Adventure Life is an active member of the International Galapagos Tour Operators Association, (IGTOA). Together we have created an effective way for the travel industry to help support Galapagos conservation. Like other isolated island groups however, the Galapagos Islands face serious challenges for the long-term survival of their marine and terrestrial ecosystems. The travel industry and those who visit the Galapagos must meet the challenge of preserving this world heritage. In Nov. 2006, together with IGTOA, we launched a Galapagos traveler-funding program. As of January 2016, our travelers have raised over $133,995 for island conservation. Click here to learn more about the Galapagos Traveler-Funding project. IGTOA has supported some of the most important conservation groups in Galapagos including the Charles Darwin Center, WildAid, Galapagos National Park Service, Conservation International, Rainforest Alliance, CAPTURGAL, and many smaller organizations involved with cleaning beaches, emergency oil spill cleanup, education for guides and locals, land purchase and the list goes on. Conservation efforts in Galapagos are challenging. The article below is provided by IGTOA and summarizes these challenges and the hope for the future.
The Galapagos Islands have evolved unique species of fauna and flora found nowhere else on earth. In 1835, young Charles Darwin visited the islands, and what he learned helped inspire his theory of natural selection. In 1978, the Galapagos Islands were designated a UNESCO World Heritage, signifying their "outstanding value to humanity." Today, they are a living laboratory of evolution and one of the world's premier ecotourism destinations. They are indeed a priceless world heritage. Like other isolated island groups however, the Galapagos Islands face serious challenges for the long-term survival of their marine and terrestrial ecosystems. Some of these challenges are summarized below, as well as some ideas for how you can help make a difference!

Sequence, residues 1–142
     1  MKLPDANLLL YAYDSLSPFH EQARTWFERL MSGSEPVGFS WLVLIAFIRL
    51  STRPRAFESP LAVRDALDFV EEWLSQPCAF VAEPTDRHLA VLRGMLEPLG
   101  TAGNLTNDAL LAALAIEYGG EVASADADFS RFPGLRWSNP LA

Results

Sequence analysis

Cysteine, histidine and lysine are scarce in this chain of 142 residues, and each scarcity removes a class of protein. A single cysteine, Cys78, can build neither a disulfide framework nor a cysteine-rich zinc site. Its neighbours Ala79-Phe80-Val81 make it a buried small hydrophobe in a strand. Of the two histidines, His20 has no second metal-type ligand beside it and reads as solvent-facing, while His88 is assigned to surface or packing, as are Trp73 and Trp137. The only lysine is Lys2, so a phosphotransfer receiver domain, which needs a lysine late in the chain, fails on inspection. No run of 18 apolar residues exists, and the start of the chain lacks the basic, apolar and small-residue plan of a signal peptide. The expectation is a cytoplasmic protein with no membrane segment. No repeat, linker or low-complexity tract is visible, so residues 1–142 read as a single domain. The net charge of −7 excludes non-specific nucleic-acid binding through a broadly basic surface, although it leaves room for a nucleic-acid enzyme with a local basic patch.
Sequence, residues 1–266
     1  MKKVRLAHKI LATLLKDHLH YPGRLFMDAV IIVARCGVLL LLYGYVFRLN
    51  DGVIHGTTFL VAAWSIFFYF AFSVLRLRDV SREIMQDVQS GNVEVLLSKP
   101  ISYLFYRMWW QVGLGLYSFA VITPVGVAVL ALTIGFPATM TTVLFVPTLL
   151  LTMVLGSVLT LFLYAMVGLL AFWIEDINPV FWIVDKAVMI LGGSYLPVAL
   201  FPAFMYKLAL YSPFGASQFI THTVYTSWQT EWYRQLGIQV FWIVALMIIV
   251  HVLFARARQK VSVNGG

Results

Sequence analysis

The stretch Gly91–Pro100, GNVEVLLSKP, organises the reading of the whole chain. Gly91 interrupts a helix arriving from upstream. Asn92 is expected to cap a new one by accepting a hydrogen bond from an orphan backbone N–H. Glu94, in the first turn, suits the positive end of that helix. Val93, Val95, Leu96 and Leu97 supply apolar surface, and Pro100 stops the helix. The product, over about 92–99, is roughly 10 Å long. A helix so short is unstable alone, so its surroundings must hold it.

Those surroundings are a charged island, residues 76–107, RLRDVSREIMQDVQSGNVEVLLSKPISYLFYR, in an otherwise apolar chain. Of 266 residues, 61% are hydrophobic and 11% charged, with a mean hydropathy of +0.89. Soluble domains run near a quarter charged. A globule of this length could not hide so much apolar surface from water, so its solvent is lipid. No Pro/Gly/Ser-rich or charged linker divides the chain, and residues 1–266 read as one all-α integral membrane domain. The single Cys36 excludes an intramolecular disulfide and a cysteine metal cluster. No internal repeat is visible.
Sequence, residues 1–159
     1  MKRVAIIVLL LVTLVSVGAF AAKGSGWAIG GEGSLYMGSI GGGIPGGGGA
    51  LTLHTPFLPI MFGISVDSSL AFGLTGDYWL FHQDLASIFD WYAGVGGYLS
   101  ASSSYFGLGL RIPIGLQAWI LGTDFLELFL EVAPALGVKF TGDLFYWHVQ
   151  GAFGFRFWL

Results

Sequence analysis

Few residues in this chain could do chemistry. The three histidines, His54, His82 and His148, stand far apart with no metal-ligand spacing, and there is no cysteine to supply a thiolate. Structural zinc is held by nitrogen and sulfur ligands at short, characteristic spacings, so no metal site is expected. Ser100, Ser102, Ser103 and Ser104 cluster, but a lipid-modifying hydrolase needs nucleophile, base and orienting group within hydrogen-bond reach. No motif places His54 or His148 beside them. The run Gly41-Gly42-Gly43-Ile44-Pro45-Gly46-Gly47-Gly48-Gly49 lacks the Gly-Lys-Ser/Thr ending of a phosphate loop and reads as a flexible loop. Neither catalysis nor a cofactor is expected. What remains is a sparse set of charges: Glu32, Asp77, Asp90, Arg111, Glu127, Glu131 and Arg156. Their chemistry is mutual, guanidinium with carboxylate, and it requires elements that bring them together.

From pirates and whalers to modern visitors, humans have introduced plants and animals from the outside world. Goats, for example, were introduced in the 1850's and immediately began to take food from tortoises and iguanas. On the island of Isabella, there are more than 200,000 goats, which are extremely adaptable and hard to exterminate. The Park now uses helicopters to locate them. There are many others: cats kill young iguanas and chicks of birds; dogs eat turtle eggs and hunt adult iguanas. Pigs destroy bird nests; donkeys devour vegetation; rats eat eggs of the giant tortoises. Invasive species also include insects and plants, which are equally threatening. But eliminating one species at a time is not practical. The vegetation that goats eat provides cover for feral pigs. Cats eat rats. Dogs kill cats. There So needs to be an integrated, well-designed program. Eradicating introduced species and keeping new ones from arriving is a never-ending and enormously costly struggle.
Humans themselves are an introduced and invasive species, and the islands have seen a dramatic growth in recent years. Settlers from mainland Ecuador have moved to the islands in search of a better life. This population pressure causes serious problems for conservation. With only three percent of the islands set aside for human settlement, there is little room for people, and little for them to do except fish. Competition between local fishermen and the National Park and conservation workers has been heated and sometimes violent. Despite restrictions on new immigration, it continues. The people of the Galapagos themselves will ultimately be the best stewards of their natural heritage. Those who live in the Galapagos Islands need to share in the benefits of tourism and require good housing, health facilities, education, and jobs that contribute to the future of the islands.